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Updated on February 7, 2015

What France should do to avoid hypocrisy

"Je suis Charlie" ( "I am Charlie") is a slogan used by supporters to show solidarity with the victims of the Paris terror attack and support for freedom of speech.Thousands of people around the world have expressed their solidarity with the satirical magazine Charlie Hebdo following the attack in Paris. One month after the bloody attack, the situation seems calm so that hundreds of security forces patrolling the streets at that time are now invisible. Is the job well done? Is ‘’Je suis Charlie’’ behind us?

During the event, French Prime Minister, Manuel Valls, used a bad word suggesting racism to depict the situation in the French ‘’banlieue’’, saying that the country’s recent terrorist attacks have exposed a ‘’geographic, social, ethnic apartheid’’. Nobody accepted the word ’’apartheid’’ used in place of ghettos or suburbs. This one is a war of words. Indeed, the truth is that the problem described by using this word or another is the same: ‘’…an urgent need to fight hatred and discrimination, especially in deprived areas home to many communities of immigrant origin’’. French officials recognize that extremism, criminality, radical Islam… find fertile ground in the ghettos. Ignoring it in order to secure calm in the ‘’banlieues’’ is hypocrisy for the leaders. Banlieues issue is not the only one, but the most one.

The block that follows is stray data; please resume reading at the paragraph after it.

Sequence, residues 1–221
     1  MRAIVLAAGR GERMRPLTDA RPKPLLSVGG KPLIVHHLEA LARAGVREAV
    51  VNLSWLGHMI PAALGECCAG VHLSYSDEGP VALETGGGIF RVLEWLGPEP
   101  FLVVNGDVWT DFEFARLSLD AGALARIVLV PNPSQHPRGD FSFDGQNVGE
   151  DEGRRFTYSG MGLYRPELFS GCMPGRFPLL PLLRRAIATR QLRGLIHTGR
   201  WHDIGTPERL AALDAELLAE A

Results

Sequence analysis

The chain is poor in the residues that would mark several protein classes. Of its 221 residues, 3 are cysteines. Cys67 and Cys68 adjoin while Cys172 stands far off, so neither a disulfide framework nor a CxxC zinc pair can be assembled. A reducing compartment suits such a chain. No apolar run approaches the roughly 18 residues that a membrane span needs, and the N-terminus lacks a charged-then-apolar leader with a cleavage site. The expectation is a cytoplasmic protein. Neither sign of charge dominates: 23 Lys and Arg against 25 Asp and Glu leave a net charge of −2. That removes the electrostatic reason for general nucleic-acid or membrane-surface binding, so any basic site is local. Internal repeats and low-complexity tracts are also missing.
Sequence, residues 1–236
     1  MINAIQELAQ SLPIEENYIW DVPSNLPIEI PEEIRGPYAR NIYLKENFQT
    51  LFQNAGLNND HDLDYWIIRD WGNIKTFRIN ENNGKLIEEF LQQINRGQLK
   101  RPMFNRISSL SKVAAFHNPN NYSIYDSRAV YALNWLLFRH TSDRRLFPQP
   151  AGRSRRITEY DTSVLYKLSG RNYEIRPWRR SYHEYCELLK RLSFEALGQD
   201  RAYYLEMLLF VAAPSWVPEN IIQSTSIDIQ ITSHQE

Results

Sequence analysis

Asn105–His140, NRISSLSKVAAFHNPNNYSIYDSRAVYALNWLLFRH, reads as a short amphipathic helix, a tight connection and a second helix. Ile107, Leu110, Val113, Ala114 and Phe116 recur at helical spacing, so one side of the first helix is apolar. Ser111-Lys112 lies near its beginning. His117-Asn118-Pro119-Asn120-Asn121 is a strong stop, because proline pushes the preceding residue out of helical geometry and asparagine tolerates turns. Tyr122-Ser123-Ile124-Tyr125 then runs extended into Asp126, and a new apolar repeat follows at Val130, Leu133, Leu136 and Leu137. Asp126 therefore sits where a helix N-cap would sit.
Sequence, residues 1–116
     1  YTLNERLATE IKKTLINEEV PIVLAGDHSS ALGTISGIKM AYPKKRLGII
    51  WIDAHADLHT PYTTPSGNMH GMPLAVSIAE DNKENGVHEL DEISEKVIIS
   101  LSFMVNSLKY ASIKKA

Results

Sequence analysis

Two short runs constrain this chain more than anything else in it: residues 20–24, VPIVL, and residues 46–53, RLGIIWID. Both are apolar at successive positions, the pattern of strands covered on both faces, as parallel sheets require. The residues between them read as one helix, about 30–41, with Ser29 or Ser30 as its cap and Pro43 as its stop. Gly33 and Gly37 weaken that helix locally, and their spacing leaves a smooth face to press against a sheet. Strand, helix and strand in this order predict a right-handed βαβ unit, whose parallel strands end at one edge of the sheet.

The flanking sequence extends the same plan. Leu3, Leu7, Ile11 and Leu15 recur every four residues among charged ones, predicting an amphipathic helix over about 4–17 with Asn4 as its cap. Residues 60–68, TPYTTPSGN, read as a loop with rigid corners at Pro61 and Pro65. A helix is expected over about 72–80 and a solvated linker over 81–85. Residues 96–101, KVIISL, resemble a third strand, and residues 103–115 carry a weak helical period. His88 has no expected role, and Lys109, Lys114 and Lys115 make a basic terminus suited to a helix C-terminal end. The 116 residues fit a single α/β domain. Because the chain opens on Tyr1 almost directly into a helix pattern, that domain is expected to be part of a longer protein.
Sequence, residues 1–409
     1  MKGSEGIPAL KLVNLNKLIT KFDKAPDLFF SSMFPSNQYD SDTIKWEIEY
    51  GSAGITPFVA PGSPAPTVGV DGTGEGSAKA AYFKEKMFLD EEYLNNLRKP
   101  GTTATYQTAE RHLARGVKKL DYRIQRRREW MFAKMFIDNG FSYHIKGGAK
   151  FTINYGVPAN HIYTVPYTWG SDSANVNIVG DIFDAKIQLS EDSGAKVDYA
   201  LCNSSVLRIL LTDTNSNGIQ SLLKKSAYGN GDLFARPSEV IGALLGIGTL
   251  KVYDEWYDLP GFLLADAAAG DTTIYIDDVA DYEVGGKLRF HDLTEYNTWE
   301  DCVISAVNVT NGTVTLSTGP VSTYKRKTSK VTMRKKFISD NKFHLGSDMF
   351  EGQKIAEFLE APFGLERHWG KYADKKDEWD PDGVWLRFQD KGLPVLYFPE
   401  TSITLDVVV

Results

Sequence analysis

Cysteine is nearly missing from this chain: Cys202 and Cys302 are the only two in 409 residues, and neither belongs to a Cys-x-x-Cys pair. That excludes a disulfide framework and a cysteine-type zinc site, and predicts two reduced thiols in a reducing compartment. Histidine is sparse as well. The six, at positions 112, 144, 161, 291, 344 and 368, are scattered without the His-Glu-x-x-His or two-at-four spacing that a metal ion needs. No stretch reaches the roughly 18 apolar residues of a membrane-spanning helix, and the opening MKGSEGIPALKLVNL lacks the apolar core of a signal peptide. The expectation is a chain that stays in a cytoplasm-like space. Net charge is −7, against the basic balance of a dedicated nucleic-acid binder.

French leaders realize the impact of immigration to fight successfully the terrorism in the country. ‘’France’s poor suburbs have long been seen as breeding grounds for political and religious extremists’, analysts sustain strongly. The leaders of both sides have to avoid the two-facedness because they know that a successful terrorism fight must start there in these ethnic enclaves.



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